When most people think of safe places to work, the U.S. military doesn't come to mind. Even during times of peace, when things are calm injury and fatality rates for its personnel--both civilian and military--are high.
In 2003, former Secretary of Defense Donald Rumsfeld ("SecDef" to those in the military) charged the armed forces with reducing preventable accidents by 50 percent, a number that later was increased to 75 percent.
"World-class organizations do not tolerate preventable accidents," Rumsfeld said in a May 19, 2003, memo. "These goals are achievable, and will directly increase our operational readiness. We owe no less to the men and women who defend our nation."
The directive, called the "Mishap Reduction Initiative," applies to all DoD activities and includes on- and off-duty and active-duty military personnel as well as National Guard and Reserve forces and all civilian employees. The reduction goal also applies to all operations of aircraft, weapons, ordnance, motor vehicles, maritime assets and installations.
The initiative is a concerted effort to engage all levels of DoD leadership in mishap prevention strategies, which include developing a real-time mishap decision support system; applying commercial technologies, where practical, on high-risk equipment such as aircraft; and implementing best practices from industry and other government agencies into DoD activities.
Like other military initiatives, this one started at the top and is slowly working its way down through the ranks.
The first step in the process, says William Brem Morrison, assistant inspector general for Inspection and Evaluations, was a safety perception survey of four groups in the military. The groups were comprised of more than 2,000 senior leaders such as admirals, generals and Senior Executive Service civilians; active-duty personnel; civilian employees; and National Guard and Reserve personnel.
"We learned that as a group, [the senior leaders] thought highly of themselves and their attention and pursuit of safety in their service," Morrison says. However, he adds: "There was a distinct gap in the perception of senior leaders and their constituents and subordinates, who did not agree with senior leaders about the emphasis on safety."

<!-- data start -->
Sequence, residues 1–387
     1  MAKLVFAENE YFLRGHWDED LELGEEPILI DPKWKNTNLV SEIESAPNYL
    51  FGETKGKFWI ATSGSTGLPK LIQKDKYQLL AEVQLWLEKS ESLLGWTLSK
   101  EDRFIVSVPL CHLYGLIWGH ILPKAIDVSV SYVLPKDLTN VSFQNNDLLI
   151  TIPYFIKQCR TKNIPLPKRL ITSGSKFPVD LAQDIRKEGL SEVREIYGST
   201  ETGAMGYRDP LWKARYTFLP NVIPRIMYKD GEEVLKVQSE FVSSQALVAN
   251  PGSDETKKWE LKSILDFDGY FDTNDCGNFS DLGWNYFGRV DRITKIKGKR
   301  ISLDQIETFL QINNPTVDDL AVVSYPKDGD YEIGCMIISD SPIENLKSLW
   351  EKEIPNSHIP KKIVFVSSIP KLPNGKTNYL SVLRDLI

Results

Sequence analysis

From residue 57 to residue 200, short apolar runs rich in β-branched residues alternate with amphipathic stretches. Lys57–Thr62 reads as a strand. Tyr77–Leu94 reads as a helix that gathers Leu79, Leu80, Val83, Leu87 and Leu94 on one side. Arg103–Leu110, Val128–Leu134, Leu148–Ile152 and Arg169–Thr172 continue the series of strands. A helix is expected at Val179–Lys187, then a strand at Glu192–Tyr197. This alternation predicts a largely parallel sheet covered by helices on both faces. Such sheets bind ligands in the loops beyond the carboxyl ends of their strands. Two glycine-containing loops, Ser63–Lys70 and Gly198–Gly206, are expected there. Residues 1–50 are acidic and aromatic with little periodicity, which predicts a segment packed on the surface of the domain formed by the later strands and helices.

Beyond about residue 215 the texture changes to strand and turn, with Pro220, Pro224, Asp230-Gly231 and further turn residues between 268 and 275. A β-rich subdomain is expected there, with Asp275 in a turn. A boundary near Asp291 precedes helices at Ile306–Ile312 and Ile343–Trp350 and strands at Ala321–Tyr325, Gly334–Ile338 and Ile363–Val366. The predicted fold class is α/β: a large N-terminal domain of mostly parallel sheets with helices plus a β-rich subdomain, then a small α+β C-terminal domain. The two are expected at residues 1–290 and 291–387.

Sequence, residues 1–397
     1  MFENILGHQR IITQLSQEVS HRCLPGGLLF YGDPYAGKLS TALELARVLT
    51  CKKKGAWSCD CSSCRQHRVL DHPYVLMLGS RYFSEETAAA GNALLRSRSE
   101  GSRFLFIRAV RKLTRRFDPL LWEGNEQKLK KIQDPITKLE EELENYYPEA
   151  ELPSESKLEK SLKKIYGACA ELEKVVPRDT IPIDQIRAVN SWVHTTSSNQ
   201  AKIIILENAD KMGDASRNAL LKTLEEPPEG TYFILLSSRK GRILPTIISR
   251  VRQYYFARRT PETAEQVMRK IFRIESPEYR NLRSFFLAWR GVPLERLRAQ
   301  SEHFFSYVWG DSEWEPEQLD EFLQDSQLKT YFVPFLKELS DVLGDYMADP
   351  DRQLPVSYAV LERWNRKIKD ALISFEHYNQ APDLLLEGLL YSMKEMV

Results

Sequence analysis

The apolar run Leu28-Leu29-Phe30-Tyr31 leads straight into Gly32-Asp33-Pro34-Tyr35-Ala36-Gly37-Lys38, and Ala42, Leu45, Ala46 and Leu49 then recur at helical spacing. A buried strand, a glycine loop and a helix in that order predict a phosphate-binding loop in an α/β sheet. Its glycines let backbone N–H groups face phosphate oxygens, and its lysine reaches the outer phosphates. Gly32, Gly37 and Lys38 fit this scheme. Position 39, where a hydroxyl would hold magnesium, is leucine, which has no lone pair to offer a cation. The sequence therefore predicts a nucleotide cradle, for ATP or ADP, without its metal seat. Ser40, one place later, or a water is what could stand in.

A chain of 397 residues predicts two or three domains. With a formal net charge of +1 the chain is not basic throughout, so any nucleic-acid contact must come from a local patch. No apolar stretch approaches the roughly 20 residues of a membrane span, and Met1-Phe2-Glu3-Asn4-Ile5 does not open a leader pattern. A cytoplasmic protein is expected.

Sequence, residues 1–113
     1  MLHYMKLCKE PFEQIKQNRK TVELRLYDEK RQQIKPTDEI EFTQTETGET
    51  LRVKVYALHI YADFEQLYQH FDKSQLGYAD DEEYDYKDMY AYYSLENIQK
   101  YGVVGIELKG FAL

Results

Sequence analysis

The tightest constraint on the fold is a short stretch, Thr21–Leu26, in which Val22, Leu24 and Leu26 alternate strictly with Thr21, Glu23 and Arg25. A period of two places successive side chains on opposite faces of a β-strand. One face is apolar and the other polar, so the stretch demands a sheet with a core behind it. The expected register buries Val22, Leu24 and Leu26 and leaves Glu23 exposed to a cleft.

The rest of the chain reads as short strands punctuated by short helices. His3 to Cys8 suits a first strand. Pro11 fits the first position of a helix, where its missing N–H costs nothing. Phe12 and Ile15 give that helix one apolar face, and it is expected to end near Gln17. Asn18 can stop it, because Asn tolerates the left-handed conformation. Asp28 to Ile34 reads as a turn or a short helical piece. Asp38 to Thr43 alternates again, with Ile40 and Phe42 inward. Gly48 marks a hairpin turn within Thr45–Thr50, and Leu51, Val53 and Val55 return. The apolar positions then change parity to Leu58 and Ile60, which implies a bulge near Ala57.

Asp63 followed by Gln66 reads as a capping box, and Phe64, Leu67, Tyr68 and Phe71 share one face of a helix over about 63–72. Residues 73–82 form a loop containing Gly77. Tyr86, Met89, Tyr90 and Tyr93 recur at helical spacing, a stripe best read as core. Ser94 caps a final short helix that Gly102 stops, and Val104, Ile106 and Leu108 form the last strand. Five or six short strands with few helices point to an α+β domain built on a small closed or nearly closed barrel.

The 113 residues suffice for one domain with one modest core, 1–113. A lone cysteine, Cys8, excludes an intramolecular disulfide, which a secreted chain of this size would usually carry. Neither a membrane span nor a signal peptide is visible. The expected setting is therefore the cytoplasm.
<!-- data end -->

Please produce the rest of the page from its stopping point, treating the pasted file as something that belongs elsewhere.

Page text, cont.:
Now that the survey is complete--results are expected to be published this month beginning with a series of nine reports--DoD will examine:
* Policy--Are the right policies and programs in place?
* Resourcing--How are military leaders managing resources?
* Organization--Is the organization correctly set up to promote safety and safe behaviors?
* Lessons learned.
In private industry, at a single facility, these questions sometimes are hard to answer and analyze. This initiative--which examines on- and off-the-job safety for military and civilian personnel and their families, as well as for National Guard and Reserve personnel, at 6,000 facilities scattered around the world--would seem to be an impossible task.
Culture Change Happens Slowly
Morrison is well-aware that culture change for the military happens slowly. Layers of command and a legendary bureaucracy do not make his job easy.
As an example of the challenge ahead, Morrison points out, "There is very limited visibility of safety in the DoD budget. It is hard to determine how much money is spent on safety because it's all part of the operational and maintenance costs."
Morrison says he hopes that DoD will focus more on funding prevention versus the greater costs of consequence management, and that leadership will "adopt, revise, change and create policies" to improve safety.
Another challenge, says Lt. Cmdr. Robert Cooper, team leader of the Evaluation of the Department of Defense Safety Program, is data collection and the accuracy of existing data regarding injuries and illnesses. …